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Neighboring cities wary of Everett casino traffic

Artist’s rendering of the Wynn casino proposed in Everett. Wynn Everett

The state’s decision to award Wynn Resorts a license to build a $1.6 billion casino in Everett is drawing sharply different reactions from the leaders of nearby cities, with potential effects on traffic a key focus of discussion.

The state Gaming Commission on Tuesday ended the high stakes tug-of-war for the one Greater Boston casino license by choosing Nevada-based Wynn Resorts over Mohegan Sun, which proposed a casino on the Revere side of the Suffolk Downs racetrack.

Somerville Mayor Joseph A. Curtatone, an outspoken opponent of casinos and of the expanded gambling law, said he was disappointed though not surprised by the state action.

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“The process failed and the Gaming Commission voted despite not having the answers to all the serious, outstanding questions [about the Wynn plan],” he said. “This is the consequence of a fundamentally flawed piece of legislation that allows one community — Everett — to make a decision that impacts an entire region.”

Curtatone said that traffic issues regarding Sullivan Square, which the commission insisted Wynn address before awarding the license last week, have not been resolved. “The commission called for a modest funding increase from Wynn instead of demanding real solutions to real issues,” he said.

Malden Mayor Gary Christenson, who backed the Wynn plan, said he was “happy the decision was made and that it was for our sister city, Everett.”

Christenson cited the benefits that will flow to Malden from the mammoth development, including those spelled out in the surrounding community agreement signed with Wynn. That deal includes commitments to provide Malden with $1 million in upfront payments and $1 million in annual payments.

“What impressed me most about Wynn aside from their proposal was their willingness to get involved with the community,” Christenson said. “They have held a toy drive for homeless families in Malden, they sponsored our summer concert series, and were a participant in our Latino festival [last weekend].”

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Wynn officials said the project will create more than 4,000 permanent jobs and 3,700 construction jobs.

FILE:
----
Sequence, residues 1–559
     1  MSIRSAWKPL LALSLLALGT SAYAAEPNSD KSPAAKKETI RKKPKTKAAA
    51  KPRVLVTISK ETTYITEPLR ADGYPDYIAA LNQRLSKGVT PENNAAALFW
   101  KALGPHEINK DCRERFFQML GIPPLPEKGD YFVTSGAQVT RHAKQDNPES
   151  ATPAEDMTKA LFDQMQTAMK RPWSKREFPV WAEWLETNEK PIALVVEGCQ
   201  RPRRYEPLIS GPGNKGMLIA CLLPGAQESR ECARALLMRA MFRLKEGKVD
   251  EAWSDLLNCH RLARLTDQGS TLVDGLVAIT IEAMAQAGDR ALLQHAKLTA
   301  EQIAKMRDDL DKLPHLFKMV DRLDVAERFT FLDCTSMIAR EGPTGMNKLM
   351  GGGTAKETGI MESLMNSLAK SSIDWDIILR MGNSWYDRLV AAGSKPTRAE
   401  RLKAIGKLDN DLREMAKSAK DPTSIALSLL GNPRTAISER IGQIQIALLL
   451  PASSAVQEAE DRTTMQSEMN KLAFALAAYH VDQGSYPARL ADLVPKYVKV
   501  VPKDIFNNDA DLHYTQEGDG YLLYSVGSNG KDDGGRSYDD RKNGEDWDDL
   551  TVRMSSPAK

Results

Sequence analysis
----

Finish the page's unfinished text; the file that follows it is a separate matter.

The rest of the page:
The Everett casino would be built on a polluted former Monsanto chemical plant site on the Mystic River behind the Gateway Center shopping plaza. Routes 16 and 99 are the closest traffic arteries to the site.

Hayes Morrison, Somerville’s director of transportation and infrastructure, said the city is facing major traffic changes because of the project.

Noting that about two-thirds of the predicted 25,000 daily vehicle trips to and from the casino would go through the already overburdened Sullivan Square in Charlestown — and that three of the roads from the square lead directly into Somerville — she said the project would add to congestion and send cars onto local streets.

The state has invested significant sums in the “redevelopment potential of Somerville and the traffic in Sullivan Square has the potential of devaluing that investment,” she said, noting in particular the adverse effects the project could have on the Assembly Row development, across the river from the casino via the Wellington Bridge.

The increased traffic also could jeopardize the success of the Union Square redevelopment, said Morrison, who called Wynn’s plans for addressing the traffic issues at Sullivan Square “extremely vague.”

A state arbitration panel appointed after Somerville and Wynn failed to come to terms on a surrounding community agreement ruled in favor of Wynn. The deal includes commitments by Wynn to make $650,000 in annual payments to the city and to carry out upgrades at six intersections. The agreement also notes the company’s commitment to help fund improvements to Sullivan Square.

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Medford Mayor Michael J. McGlynn said he was not surprised by the license award, noting: “The Wynn team from the beginning showed that they had the money and the ability to build a big complex.”

“For us, either casino is going to create some problems in terms of the traffic,” said Mc-Glynn, whose city has been principally concerned with the potential of increased tie-ups at Wellington Circle in Medford, less than a mile away from the Everett casino site via Route 16.

McGlynn said he was encouraged that Wynn Resorts has committed to funding up to $1.5 million to help design improvements to Wellington Circle. He noted Wynn will provide the city with $1 million a year as part of its surrounding community agreement.

Chelsea City Manager Jay Ash said by e-mail that he was “very disappointed about the decision, because I felt like the Mohegan Sun proposal was the strongest for our region. The outward approach Mohegan took to both their site and how their business would interact with surrounding communities has been far superior to how Wynn has seemingly focused inward.”

He said Chelsea’s agreement with Mohegan Sun also was much more beneficial, offering $2.5 million in annual payments to the city compared with the $650,000 Wynn would provide. As with Somerville, Wynn’s mitigation plan was determined by an arbitrator.

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Winthrop Town Manager Jim McKenna said the Wynn proposal “poses some of the same traffic and congestion issues that we would see with Suffolk Downs. . . . Obviously, we want the commission to ensure all those transportation issues are very much addressed.”


John Laidler can be reached at laidler@globe.com.